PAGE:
Implementing property tax reform in Freetown
As with many cities in sub-Sahara Africa, Freetown has been suffering from inadequate municipal services largely due to low revenues collected, in turn explained by weak tax collection and extremely low property taxes. And like all other cities, Freetown has been searching for innovative methods to improve both as a basis for expanding the limited services it now provides, and also to contribute to the national goals of diversification. The Council has finally developed a modern, digitised system of tax collection together with a more objective method of calculating property taxes. As should be expected some of the citizens are crying foul. They argue that the percentage increases are too high, and that services provided are extremely poor and unlikely to improve anyway. The most powerful counter argument advanced is the timing – right in the middle of the COVID pandemic with its associated negative socio-economic impact.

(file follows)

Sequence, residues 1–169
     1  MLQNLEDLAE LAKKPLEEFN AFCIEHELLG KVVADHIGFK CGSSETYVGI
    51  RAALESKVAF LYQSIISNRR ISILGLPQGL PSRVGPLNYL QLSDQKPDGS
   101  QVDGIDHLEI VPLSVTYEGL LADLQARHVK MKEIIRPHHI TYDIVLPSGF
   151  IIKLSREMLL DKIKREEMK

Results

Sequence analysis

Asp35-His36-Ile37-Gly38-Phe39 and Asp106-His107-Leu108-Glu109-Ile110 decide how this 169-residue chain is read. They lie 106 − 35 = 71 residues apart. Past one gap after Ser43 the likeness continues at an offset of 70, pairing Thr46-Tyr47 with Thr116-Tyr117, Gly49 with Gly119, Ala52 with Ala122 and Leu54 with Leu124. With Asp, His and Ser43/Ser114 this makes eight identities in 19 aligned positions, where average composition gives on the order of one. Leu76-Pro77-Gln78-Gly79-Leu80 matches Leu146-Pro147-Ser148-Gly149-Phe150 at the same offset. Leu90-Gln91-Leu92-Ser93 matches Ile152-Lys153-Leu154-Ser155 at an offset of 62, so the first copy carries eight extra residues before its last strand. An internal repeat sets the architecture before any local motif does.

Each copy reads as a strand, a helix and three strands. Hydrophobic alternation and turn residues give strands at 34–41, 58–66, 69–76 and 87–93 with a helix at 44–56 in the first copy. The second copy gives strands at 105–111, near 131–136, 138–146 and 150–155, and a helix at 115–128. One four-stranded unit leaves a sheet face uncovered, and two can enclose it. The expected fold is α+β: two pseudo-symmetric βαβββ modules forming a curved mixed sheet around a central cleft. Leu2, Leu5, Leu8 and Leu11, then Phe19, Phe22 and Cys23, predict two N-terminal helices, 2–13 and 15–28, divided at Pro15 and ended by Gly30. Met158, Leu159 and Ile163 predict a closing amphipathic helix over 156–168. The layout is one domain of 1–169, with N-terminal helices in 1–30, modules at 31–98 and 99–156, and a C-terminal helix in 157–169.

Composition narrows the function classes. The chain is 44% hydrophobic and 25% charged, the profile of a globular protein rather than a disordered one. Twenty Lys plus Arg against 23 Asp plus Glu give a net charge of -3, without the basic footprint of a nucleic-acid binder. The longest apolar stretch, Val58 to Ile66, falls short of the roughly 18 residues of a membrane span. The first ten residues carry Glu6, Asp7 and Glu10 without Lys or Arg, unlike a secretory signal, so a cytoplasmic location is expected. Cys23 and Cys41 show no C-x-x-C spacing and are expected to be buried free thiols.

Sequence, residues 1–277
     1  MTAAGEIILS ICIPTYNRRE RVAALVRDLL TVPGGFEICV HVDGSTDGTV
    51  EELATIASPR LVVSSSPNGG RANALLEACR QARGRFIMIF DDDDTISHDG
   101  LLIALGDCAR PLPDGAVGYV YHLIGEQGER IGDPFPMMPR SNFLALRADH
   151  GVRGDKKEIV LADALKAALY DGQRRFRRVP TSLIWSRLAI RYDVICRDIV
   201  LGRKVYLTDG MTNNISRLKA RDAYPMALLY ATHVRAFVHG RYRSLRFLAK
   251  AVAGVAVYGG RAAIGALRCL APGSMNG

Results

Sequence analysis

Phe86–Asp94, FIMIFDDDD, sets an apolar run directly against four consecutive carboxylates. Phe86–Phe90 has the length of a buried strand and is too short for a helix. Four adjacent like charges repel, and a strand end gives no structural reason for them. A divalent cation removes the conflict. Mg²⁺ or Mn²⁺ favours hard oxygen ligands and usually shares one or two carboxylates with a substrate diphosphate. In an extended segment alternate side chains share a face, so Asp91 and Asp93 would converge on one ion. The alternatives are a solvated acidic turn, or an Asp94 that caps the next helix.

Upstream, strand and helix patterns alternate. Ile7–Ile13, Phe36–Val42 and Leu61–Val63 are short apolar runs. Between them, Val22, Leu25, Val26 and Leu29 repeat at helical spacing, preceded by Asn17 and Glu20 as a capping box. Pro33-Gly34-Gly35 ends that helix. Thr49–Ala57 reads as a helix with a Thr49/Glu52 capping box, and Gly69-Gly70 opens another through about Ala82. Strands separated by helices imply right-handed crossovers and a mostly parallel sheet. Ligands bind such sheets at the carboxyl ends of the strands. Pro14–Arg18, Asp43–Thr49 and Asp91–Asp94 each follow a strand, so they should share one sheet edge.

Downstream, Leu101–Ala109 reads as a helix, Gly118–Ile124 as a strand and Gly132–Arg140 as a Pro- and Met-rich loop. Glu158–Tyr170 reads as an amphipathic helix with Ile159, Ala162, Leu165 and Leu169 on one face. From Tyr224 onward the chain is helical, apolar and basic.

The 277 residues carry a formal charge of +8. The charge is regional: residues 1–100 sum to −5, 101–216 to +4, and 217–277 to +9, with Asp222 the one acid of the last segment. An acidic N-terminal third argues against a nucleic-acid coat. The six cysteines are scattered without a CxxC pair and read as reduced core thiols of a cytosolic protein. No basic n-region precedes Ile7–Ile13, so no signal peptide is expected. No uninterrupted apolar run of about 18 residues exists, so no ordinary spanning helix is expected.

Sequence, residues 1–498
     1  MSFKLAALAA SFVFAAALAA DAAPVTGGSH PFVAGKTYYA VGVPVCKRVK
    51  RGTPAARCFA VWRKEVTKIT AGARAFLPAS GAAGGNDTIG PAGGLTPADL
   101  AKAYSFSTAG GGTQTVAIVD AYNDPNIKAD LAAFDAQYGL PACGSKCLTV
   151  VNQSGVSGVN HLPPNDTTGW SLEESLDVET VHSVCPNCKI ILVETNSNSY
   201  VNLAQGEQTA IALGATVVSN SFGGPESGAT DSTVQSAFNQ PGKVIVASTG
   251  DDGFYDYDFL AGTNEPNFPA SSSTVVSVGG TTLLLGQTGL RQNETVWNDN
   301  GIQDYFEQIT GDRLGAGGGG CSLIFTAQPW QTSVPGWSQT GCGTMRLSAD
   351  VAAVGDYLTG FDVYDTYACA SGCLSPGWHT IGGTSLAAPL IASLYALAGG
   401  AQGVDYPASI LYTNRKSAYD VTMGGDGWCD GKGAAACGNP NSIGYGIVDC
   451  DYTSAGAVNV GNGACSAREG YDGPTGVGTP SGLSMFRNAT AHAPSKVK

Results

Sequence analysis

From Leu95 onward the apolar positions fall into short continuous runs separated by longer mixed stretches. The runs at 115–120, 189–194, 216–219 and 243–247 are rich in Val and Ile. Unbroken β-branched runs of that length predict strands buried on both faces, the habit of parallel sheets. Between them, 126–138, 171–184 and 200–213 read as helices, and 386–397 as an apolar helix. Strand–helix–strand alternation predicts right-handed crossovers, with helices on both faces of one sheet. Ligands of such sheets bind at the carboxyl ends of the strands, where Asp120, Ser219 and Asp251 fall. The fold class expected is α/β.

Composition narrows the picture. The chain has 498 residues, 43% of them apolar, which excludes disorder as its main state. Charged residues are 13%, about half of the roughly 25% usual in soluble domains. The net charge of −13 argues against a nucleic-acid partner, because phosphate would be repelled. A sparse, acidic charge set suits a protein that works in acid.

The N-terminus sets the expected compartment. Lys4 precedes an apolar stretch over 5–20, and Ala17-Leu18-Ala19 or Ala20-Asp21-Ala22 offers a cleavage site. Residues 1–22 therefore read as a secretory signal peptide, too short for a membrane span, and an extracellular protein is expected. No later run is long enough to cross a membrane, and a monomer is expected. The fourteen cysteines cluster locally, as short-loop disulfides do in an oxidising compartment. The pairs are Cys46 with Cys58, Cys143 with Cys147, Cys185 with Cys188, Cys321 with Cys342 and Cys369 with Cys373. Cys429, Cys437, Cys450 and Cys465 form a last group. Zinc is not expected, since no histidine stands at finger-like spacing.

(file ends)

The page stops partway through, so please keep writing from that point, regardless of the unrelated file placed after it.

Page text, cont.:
Here is my take.
To begin with our entire tax system – both local and national – should be comprehensively reformed. Apart from minor patches here and there, it has remained essentially a legacy from the colonial system and inappropriate for a developmental state. A number of previously colonised countries are finally waking up to this reality and overhauling their systems. India, Ghana, Mauritius, Kenya have all taken some bold steps in the last 18 months.